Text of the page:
The Biozentrum was founded in 1971, giving room to an – at that time – quite innovative idea: the unification of various domains of the biological and natural sciences under the same roof. Its goal was to facilitate collaboration with other research areas – a successful concept, as it turned out that nowadays the different research areas cannot be considered separately. They depend on a tight collaboration and profit from each other.

So what is basic research? One could summarize it as „the search for the understanding of the mechanisms of life“. The approximately 30 research groups with members from more than 30 nations investigate biological processes on a molecular basis. The spectrum of their work ranges from basic questions (what does a cell consist of, and how does it work?) to the development of whole organisms – how does a cell know whether to become a leg or an eye? - and further to the determination of a molecule’s structure and its functions. Is Alzheimer’s Disease hereditary, and if so, why is that? How does the HIV-virus or a plague bacterium manage to infect a cell, and what can we do against it? Also, the links to medicine and pharmacology are getting tighter. Why do different people react differently to the same medication? About 200 papers, written by the institute’s scientists, are published every year, and the number and importance of these publications are situated in the top quarter internationally – not a bad result for a relatively small institute.

The staff

About 430 people are employed at the Biozentrum. More than half of them stay between 1 and 5 years only, for different reasons: about 120 are postdocs, independent scientists, grant holders and assistant professors (1 – 5 years), about 80 are PhD-students (3 – 4 years) and 50 are diploma students (undergraduate students in their 4th year of studies). More than 80 persons occupy technical positions or work in the administration, about 70 are laboratory technicians, and about 30 tenured professors work in groups with up to 20 members. Furthermore, there is a regular turnover of guest professors and sabbatical visitors who, after a short stay (2 weeks – 1 year), return to their working places in foreign countries or other institutes. Finally, the institute welcomes about 40 new students every year. Altogether, about 44 % of the staff are women, out of which only 32 % are scientists, whereas two thirds are working in the administration and technical jobs.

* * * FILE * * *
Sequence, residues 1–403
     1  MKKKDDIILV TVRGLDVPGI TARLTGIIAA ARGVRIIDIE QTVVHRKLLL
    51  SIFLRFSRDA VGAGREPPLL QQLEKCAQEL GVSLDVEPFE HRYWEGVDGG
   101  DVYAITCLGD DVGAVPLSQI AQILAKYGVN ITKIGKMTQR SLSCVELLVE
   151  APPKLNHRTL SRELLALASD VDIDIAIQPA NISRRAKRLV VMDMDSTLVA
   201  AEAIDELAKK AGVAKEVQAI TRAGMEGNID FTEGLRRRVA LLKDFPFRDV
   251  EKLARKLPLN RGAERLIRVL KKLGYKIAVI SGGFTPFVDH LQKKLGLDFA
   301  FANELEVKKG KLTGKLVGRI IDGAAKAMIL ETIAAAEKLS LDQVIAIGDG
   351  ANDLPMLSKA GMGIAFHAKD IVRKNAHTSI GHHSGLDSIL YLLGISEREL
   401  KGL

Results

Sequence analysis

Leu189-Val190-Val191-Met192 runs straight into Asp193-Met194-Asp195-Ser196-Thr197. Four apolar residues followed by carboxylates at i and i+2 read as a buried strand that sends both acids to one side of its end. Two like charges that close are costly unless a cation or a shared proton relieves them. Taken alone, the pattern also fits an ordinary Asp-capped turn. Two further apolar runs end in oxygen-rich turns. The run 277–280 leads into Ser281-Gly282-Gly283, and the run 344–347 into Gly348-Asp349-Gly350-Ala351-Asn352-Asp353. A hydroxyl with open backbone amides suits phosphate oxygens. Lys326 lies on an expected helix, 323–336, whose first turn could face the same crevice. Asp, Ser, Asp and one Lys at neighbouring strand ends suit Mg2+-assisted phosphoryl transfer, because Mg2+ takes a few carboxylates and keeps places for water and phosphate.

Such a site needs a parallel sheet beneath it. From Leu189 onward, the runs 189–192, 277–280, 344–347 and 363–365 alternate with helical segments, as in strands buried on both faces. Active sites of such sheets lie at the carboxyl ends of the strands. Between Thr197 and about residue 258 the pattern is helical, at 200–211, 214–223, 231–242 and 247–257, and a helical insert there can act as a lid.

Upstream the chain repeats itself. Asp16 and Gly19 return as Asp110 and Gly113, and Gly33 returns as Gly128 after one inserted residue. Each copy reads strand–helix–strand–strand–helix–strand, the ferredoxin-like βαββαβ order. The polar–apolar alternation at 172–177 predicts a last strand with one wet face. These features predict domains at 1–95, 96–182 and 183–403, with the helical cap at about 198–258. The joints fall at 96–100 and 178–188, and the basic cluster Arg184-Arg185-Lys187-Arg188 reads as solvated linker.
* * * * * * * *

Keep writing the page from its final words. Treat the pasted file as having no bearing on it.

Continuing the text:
Teaching and education – studying at the Biozentrum

The special aspect of the Biozentrum is the fact that the studies in biology at the University of Basel are passed ‘live’ in a research institute. The advantage is that from the beginning on, the students are personally involved in an active, authentic research environment. From their first day on, they experience the every day life of a research scientist. They gain theoretical knowledge, but at the same time learn how to set up experimental methods, and gather practical experience through active research work. The biological research studies are split up into three steps:

Basic studies: With the establishment of the new Bachelor/Master-concept (‚Bologna-model‘), the University of Basel joins an internationally accepted model. Studies leading to the diploma last about 4 years. The last year consists of practical diploma work in a research group.

PhD studies: Require original research that normally takes 3 – 4 years. Each year, about 25 students graduate with a doctorate. Roughly the same number carry out their PhD-work at other Basel institutions, mentored by Biozentrum scientists. These institutions can be the Friedrich Miescher Institute, the Research Department of the Kantonsspital (cantonal hospital) or a research laboratory in the industry.

Postdoctoral studies: After graduation, young scientists usually spend some years in research groups in foreign countries to enlarge their knowledge and expand their horizons. In turn, many postdocs from all over the world spend time at the Biozentrum.

See also

External links